Populorum Progressio 74: An Appeal to Youth

74. We are fully aware of the fact that many young people have already responded wholeheartedly to the invitation of Our predecessor Pius XII, summoning the laity to take part in missionary work. (Fidei Donum (1957)) We also know that other young people have offered their services to public and private organizations that seek to aid developing nations.

I’ve seen a huge difference in the approach of high schools and colleges since the time I was a student in the 70s. Then, outreach was largely an  individual motivation supported by a club here and there. Today, even secular schools have multitudes of service opportunities.

So, US, whatever happened to the Peace Corps?

I’d have to agree that this development would still be delightful, even today:

We are delighted to learn that in some nations their requirement of military duty can be fulfilled, in part at least, by social service or, simply, service. We commend such undertakings and the
(women and) men of good will who take part in them. Would that all those who profess to be followers of Christ might heed His plea: “I was hungry and you gave me to eat; I was thirsty and you gave me to drink; I was a stranger and you took me in; naked and you covered me; sick and you visited me; I was in prison and you came to me.” (Matthew 25:35-36)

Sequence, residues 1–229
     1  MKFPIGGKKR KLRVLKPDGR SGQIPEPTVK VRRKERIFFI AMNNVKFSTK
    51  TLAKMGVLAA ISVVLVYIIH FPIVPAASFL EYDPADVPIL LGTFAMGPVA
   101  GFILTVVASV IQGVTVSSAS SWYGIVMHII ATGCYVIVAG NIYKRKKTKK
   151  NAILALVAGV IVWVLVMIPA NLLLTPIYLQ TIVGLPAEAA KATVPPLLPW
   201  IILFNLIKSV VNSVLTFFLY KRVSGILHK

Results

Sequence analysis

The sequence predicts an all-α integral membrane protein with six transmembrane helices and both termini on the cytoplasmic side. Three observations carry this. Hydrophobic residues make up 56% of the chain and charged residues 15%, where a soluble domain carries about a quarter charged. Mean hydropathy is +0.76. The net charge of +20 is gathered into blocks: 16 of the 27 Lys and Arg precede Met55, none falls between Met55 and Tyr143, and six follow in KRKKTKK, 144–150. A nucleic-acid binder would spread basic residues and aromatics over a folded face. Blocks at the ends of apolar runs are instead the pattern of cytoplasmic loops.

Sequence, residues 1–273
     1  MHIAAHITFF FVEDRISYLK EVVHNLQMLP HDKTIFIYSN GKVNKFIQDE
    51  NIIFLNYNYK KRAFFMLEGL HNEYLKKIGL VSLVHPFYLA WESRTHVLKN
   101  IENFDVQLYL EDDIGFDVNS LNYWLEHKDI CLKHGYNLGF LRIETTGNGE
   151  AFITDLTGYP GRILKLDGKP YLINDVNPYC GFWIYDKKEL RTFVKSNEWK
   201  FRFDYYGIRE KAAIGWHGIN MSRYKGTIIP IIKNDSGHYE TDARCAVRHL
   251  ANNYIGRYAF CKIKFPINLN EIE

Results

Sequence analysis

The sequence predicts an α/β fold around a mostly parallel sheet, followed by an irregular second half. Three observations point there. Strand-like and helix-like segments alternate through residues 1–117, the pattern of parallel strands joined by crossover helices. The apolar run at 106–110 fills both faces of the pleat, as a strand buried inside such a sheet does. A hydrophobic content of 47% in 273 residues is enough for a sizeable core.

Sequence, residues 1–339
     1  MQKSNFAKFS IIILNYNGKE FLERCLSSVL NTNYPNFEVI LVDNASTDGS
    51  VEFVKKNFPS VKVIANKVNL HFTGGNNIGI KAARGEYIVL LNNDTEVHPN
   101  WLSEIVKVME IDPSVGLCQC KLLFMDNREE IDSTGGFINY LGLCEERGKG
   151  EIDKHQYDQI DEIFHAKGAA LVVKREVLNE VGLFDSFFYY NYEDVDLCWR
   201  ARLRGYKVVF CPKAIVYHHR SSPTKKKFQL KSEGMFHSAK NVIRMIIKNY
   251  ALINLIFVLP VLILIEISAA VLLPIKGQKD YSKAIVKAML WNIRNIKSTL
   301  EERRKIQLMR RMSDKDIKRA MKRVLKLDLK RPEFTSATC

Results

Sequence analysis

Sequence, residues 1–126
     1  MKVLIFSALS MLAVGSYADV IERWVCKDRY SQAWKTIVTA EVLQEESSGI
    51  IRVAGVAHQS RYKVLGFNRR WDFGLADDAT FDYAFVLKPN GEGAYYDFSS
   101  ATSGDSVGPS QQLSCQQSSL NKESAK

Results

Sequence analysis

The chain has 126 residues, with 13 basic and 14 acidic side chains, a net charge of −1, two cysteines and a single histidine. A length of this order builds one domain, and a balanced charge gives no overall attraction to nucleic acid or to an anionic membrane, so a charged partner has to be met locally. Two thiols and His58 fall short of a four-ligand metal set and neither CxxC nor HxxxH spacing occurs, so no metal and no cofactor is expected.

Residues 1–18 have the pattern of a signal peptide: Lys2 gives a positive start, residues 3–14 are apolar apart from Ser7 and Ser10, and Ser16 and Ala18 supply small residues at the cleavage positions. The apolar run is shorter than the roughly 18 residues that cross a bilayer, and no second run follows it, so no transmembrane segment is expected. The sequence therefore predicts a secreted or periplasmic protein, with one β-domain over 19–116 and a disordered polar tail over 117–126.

No one is permitted to disregard the plight of (their sisters and) brothers living in dire poverty, enmeshed in ignorance and tormented by insecurity. The Christian, moved by this sad state of affairs, should echo the words of Christ: “I have compassion on the crowd.” (Mark 8:2)

Compassion sums up the Christian approach. Anything else is antigospel, coming from a believer. The pandemic has brought this out in the US, certainly. Resistance to the common good is a grave scandal to Christianity in the shame it heaps on the Church.

This encyclical letter is © Copyright – Libreria Editrice Vaticana, and can be found in its entirety at this link.

The image is of Lady Justice at the Central Criminal Court of London.

About catholicsensibility

Todd lives in Minnesota, serving a Catholic parish as a lay minister.
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